Men may be able to have babies 'tomorrow', says scientist
04 November 2017
Society should prepare itself for the arrival of babies born to transgender mothers, as womb transplants could allow men to have babies as early as ''tomorrow'', one of the world's leading fertility specialists has said.
The science is now available to allow women who began life as men to receive donated wombs and attempt to begin pregnancy, according to Dr Richard Paulson, President of the American Society for Reproductive Medicine.
Dr Paulson said trans-medicine had now become ''mainstream'' and that people who had undergone gender reassignment surgery would inevitably want to take advantage.
Speaking at a meeting in San Antonio, Texas, he added that there is ''plenty of room'' for a uterus in men as ''men and women have the same blood vessels''.
He said the next step would be trials involving transgender women to help them become natural mothers.
British experts have warned, however, that initiating a pregnancy in a transgender woman may be unethical as it would safer for the child to be born via a surrogate mother.
They said that if womb transplantation for natural women becomes freely available on the National Health Service, hospitals may also have to offer it to transgender women due to equalities legislation.
Julian Savulescu, professor of practical ethics at Oxford University, recently said the safety of the baby should be the priority. ''It it is hard to justify from the perspective of using NHS health resources, or from the child's own perspective,'' he said.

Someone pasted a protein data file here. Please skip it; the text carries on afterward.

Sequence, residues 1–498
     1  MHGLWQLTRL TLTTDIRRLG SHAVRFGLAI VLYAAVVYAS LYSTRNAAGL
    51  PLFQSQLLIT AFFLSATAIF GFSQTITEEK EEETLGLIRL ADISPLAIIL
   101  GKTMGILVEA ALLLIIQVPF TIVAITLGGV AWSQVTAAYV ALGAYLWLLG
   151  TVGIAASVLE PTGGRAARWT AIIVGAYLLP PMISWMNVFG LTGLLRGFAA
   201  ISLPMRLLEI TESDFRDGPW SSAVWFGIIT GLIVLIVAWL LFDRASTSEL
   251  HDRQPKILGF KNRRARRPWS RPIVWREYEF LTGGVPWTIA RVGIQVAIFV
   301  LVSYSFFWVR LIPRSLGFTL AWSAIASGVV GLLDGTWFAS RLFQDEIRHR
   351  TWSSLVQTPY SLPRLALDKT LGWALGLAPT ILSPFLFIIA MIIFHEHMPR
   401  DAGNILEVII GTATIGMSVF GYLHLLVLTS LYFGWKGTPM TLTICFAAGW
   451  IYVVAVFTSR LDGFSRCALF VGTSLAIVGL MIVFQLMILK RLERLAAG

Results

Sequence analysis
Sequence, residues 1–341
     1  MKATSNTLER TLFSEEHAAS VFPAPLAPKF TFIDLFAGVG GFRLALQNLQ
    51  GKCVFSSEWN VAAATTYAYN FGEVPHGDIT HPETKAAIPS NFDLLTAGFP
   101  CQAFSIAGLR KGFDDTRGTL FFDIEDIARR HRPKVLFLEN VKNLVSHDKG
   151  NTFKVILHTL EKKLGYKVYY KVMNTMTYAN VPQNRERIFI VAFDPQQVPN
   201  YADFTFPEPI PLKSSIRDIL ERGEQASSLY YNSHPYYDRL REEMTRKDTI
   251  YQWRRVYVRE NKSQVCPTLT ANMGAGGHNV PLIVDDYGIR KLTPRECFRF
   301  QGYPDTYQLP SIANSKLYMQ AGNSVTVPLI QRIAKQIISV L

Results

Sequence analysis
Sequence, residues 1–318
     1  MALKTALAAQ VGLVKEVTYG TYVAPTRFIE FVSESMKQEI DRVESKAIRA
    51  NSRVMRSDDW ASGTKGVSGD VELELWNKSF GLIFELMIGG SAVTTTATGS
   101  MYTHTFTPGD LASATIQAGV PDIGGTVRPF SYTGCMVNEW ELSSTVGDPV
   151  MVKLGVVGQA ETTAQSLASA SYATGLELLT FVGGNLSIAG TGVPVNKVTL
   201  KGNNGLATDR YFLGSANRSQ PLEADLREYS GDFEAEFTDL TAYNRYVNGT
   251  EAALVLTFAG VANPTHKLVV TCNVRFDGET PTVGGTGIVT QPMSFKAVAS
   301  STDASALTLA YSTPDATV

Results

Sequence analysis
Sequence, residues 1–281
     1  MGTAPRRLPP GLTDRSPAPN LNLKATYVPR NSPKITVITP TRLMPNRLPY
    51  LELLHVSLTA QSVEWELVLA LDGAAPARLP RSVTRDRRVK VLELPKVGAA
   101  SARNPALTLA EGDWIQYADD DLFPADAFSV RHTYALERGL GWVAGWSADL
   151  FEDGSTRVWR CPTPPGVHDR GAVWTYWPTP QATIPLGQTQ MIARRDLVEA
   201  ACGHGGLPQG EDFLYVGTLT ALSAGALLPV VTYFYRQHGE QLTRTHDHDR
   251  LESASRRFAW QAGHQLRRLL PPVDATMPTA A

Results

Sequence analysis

''We ought avoid exposing foetuses and future children to unnecessary significant risks,'' he added.
''Although technically possible to perform the procedure, you would also need to be very confident the uterus would function normally during pregnancy.
Uterine rupture could cause the death or permanent disablement of the foetus.''
Doctors hope to perform the first UK womb transplant in 2018.
Transplanting a womb is a complicated, lengthy procedure and only a small number of women have undergone the procedure so far. However, expertise is being developed at increasing numbers of centres.
Dr Paulson said there was no anatomical reason why a womb could not successfully be implanted into a transgender woman. ''You could do it tomorrow,'' he said.
"There would be additional challenges, but I don't see any obvious problem that would preclude it.
"I personally suspect there are going to be trans women who are going to want to have a uterus and will likely get the transplant.''
While men and women have a different shaped pelvis, he added, there would nevertheless be room for an implanted womb.
However, the shape of the male womb means transgender women would have to give birth via cesarean section, he said.
Since 2014 at least five babies have been born to women who had received wombs in a series of operations in Sweden.
Other womb transplant programmes are cropping up in Europe and in the UK doctors have been given permission by the regulator to begin their own charity-funded programme.
Womb transplantation is complicated partly because the organ is located next to a number of major blood vessels.
Recipients have to undergo long-term immunosuppressive treatment to prevent the organ being rejected.
About 7,000 women a year in the UK are born without a womb, and others are forced to have theirs removed due to cancer and other conditions.
In July this year a British man made history by becoming the first to give birth (See: Man, 21, becomes first in UK to give birth to child).
Hayden Cross, who was born a woman, gave birth to a baby girl after becoming pregnant thanks to a sperm donor. However he had put a full sex change on hold.
Some men who transition to become women preserve their eggs by freezing before they lose the ability.